Yorkshire’s future must be placed into the hands of those who live and work in the region.
The era of centralisation, at least eight decades long, is slowly coming to an end as the main political parties beginning to hand back control.
But this process has so far failed to offer funding, failed to empower Yorkshire and failed to inspire.
The problem of accountability grips senior civil servants. A study by the think-tank IPPR North found that “Whitehall departments are loath to concede even the smallest function, fearful of the prospect of Ministers being hauled before parliament to account for failings on a distant, local level”.
Yet the economic benefits of taking that devolution risk are clear, and should be recognised by a Treasury keen to grow the economy.
With cities outside of London lagging behind in growth, there is, as the IPPR report found, growing evidence that England’s 80-year-long experiment with centralisation has failed.
Local places will never be sufficiently empowered to drive the growth we need unless we share the Government’s most important lever – funding.Lord Heseltine
As the Core Cities group found when it looked at the issue, “empowered cities can be more competitive and can be incentivised to grow faster” with the potential to add “at least £1.3bn additional growth into the national economy”.
Even the recent welcome steps by the Government towards devolution are not without their shortcomings. It says something about Whitehall that the devolution promise is only available to those who work on London’s timetable, and can be trusted to do as the Government wishes.
The result has been winners and losers across the North, with city regions played off against each other. The next Government should seek to end this by carrying out an open door policy of devolution on demand, letting councils who think they are ready for more power come forward as they wish with their own plans.
And to make sure there is no return to the days of playing off one council group against another, the next Government should publish a statement of intent setting out its long-term ambition for devolution in the North, making clear how it will hand the North a say over transport, housing and job creation.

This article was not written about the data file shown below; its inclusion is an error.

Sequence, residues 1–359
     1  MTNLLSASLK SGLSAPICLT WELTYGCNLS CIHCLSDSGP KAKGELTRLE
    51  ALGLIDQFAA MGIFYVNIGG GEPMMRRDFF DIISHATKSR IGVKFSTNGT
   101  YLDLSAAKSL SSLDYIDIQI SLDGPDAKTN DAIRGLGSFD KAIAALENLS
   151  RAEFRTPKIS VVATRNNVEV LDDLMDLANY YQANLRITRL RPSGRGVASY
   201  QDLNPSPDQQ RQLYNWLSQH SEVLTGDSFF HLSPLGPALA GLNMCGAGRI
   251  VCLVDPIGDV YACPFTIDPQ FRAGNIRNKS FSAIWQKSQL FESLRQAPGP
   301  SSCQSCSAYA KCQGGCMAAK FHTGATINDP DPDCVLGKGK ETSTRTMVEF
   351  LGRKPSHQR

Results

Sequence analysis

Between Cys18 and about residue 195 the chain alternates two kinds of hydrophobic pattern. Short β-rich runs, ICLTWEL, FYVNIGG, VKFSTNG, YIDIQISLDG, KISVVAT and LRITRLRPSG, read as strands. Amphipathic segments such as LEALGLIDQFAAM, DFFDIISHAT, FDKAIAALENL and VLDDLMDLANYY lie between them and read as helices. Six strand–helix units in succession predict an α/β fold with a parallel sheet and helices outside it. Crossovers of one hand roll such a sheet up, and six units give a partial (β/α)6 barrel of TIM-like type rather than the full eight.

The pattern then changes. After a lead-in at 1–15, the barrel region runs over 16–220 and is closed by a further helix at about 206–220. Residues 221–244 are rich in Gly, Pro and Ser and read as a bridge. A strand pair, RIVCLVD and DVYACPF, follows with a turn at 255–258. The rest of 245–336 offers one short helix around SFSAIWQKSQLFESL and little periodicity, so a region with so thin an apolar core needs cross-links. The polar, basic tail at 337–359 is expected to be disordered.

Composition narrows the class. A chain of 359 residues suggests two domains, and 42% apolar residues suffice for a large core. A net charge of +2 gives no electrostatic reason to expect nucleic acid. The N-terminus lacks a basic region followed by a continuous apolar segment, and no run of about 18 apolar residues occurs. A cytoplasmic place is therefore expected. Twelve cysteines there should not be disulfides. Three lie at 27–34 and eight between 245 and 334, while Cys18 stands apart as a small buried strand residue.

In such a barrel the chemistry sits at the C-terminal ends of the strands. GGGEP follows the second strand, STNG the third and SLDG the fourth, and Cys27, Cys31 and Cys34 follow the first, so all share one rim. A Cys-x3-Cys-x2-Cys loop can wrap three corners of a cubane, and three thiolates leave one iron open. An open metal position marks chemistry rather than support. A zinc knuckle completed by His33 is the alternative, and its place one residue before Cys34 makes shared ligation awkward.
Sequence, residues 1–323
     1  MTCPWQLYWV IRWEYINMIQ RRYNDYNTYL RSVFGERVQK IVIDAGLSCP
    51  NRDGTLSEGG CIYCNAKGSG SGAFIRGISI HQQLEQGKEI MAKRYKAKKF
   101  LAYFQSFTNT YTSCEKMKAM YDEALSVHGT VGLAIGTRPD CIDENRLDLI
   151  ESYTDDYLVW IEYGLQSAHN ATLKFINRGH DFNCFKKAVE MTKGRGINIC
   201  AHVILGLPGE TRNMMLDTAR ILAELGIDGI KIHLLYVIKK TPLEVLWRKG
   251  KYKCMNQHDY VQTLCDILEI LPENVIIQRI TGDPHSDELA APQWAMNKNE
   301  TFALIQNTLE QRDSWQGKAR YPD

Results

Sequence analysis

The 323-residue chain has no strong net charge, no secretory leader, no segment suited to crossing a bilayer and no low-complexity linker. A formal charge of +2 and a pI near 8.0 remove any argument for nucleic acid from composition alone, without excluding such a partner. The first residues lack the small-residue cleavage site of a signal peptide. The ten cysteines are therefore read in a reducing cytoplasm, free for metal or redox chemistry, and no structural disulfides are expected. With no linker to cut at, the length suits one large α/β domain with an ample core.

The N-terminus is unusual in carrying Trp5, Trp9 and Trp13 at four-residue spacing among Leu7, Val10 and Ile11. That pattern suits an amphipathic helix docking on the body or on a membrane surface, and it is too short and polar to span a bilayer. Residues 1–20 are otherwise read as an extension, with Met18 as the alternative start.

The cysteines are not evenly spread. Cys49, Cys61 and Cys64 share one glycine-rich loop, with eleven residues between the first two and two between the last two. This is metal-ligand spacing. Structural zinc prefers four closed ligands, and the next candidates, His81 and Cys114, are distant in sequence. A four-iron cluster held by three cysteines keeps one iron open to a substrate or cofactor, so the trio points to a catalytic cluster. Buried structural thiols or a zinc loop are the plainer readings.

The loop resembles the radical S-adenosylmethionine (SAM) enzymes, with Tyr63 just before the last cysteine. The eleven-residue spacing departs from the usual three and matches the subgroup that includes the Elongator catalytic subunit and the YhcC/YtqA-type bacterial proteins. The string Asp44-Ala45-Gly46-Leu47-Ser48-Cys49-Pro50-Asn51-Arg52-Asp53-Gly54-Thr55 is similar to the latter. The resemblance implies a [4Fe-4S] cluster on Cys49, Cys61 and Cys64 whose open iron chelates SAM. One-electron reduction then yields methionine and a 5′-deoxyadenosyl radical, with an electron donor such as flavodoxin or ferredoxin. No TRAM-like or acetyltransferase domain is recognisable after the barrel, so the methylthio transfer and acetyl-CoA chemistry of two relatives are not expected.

All this though will be nothing without one thing. Money.
As Lord Heseltine made clear in his No Stone Unturned report, “local places will never be sufficiently empowered to drive the growth we need unless we share the Government‘s most important lever – funding”.
The message was drilled home by the Communities Select Committee when it set out the barrier to devolution.
“English local authorities, when compared with their counterparts in other developed nations, have limited control over local taxation and, as a consequence, rely, by comparison, disproportionately on central Government funding,” the committee said.
Yorkshire can no longer be handed a deal over one road or a say over a key train route without the power and the money to make these decisions.
The need for this renewed focus was made clear the day after the Scottish independence referendum.
To cite the Communities Select Committee report, “if such powers are considered justified and workable in Scotland and Wales, why not in England?”.
Increased devolution for Scotland cannot be right if English cities and counties are not also freed from London’s inflexible grip.
English devolution should be a priority for the next Government.
IN FULL: OUR YORKSHIRE MANIFESTO...